Re: maize in Europe and India: a twisted tale
Miguel Carrasquer Vidal (firstname.lastname@example.org)
Thu, 09 Jan 1997 14:11:07 GMT
email@example.com (Hu McCulloch) wrote:
>Another possibility that shouldn't be overlooked is Africa. There is
>some literature on pre-Columbian maize in Africa (sorry, I don't have
>the page reference or title, but it's somewhere in Fingerhut's recent book on
>diffusion). Perhaps Africans, a la Van Sertima, brought maize back across
>the Atlantic, and then the Hindus picked it up from them, either directly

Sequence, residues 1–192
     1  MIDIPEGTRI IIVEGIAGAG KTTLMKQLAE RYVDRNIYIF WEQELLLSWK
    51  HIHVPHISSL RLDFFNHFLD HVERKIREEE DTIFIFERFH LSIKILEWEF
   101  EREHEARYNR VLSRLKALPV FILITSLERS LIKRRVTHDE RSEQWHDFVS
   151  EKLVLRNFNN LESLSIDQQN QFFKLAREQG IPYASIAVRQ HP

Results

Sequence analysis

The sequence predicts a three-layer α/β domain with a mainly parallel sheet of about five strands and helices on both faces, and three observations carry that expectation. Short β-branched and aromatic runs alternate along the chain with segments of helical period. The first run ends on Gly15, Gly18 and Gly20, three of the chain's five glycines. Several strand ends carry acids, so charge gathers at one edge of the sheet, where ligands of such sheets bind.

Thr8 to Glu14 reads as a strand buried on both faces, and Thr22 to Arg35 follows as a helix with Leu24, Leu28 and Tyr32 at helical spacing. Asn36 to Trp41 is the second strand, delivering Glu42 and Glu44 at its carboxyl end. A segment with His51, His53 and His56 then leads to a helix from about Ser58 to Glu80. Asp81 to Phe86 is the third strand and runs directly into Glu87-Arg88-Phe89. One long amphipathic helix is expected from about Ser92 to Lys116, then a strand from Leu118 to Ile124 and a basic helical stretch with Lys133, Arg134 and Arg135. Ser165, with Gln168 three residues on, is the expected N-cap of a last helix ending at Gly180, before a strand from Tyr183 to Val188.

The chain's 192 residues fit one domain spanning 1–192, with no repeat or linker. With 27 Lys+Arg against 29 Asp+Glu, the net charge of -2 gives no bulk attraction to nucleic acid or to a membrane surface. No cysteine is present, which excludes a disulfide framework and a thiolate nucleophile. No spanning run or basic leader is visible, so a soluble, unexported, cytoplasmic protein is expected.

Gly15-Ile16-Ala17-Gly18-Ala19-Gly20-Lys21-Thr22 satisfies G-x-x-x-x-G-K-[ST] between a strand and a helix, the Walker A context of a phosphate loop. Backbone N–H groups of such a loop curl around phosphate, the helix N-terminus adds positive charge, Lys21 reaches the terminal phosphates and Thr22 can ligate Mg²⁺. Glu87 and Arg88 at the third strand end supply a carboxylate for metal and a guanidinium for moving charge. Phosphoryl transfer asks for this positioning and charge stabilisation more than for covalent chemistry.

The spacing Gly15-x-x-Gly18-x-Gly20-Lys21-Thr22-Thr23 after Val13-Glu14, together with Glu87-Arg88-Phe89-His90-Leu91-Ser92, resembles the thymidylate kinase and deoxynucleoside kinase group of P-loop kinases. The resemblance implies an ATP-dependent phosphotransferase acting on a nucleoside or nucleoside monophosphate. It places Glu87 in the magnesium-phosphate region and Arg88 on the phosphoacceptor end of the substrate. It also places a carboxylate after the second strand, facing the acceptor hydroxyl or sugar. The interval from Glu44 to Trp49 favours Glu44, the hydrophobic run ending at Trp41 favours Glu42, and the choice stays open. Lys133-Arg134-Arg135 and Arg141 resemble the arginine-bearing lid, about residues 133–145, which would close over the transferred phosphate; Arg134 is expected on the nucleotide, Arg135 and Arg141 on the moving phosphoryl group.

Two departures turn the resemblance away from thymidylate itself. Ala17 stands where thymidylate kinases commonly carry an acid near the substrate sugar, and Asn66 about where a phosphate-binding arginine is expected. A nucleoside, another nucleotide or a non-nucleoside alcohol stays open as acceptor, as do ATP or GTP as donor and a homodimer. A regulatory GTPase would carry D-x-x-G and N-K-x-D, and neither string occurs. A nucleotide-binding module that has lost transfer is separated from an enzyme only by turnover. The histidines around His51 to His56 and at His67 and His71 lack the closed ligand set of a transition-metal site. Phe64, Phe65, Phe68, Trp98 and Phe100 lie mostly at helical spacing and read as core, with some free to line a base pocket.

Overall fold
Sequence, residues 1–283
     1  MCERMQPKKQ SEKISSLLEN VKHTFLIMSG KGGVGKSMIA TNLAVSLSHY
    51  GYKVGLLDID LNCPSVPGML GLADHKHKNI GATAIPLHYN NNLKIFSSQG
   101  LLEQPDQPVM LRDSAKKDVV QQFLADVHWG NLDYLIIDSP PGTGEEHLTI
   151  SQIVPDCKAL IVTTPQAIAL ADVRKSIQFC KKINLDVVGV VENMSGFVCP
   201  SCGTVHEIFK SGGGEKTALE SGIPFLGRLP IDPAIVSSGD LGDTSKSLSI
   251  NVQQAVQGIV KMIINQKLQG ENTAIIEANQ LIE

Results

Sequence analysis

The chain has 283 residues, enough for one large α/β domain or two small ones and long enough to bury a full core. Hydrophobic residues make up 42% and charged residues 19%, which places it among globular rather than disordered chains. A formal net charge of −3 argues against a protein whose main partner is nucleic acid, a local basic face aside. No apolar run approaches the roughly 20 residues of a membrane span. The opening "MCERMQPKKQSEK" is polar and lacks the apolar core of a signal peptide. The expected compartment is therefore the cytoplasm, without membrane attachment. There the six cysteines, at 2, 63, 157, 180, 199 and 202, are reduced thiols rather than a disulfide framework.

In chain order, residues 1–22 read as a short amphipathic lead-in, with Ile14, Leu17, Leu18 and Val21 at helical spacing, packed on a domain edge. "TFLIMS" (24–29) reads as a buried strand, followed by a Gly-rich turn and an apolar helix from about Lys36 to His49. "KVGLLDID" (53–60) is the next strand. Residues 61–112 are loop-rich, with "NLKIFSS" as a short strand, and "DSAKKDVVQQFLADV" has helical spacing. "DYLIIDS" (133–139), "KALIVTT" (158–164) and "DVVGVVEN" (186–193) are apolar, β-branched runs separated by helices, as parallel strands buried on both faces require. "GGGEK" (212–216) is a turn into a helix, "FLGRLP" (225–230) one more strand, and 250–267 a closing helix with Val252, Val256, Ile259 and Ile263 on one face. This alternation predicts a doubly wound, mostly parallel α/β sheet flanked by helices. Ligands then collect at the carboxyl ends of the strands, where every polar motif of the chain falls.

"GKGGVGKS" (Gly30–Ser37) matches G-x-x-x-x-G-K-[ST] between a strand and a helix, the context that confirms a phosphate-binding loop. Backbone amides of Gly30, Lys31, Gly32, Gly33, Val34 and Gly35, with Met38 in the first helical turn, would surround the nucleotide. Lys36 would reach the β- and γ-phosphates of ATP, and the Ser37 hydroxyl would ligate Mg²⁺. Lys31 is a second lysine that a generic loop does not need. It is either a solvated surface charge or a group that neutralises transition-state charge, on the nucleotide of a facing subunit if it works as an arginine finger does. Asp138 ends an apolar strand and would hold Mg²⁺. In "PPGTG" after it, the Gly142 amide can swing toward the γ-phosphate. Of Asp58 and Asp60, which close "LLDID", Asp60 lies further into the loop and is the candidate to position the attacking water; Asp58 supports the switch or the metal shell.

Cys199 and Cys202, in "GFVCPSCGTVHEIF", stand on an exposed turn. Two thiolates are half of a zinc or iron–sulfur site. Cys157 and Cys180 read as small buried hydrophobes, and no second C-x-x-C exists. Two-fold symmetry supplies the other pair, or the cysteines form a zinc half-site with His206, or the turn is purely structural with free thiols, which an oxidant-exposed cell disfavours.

>or via Arabs. Mocha was a big Arabian seaport (home of Mocha Chip Ice
>Cream! :-), and in India, maize is today called, roughly, Mocha Sorghum.
>(makke-jola in Kannada, makka in Hindi, mokka jonna in Telegu, makaa or
>makkai in Northern India, mecca cholam in Tamil, etc.)
FWIW, in Catalan, maize/corn is called "blat de moro", "moresc",
`Moorish [wheat]' or "blat de l'India", `Indian wheat'. Such names
should of course be interpreted with care. To mention fowl again: in
Catalan, "turkey" is called "gall dindi" (Fr. "dinde"), `Indian cock'
[rooster, if you prefer], and the animal is of course called "turkey"
Miguel Carrasquer Vidal ~ ~
Amsterdam _____________ ~ ~
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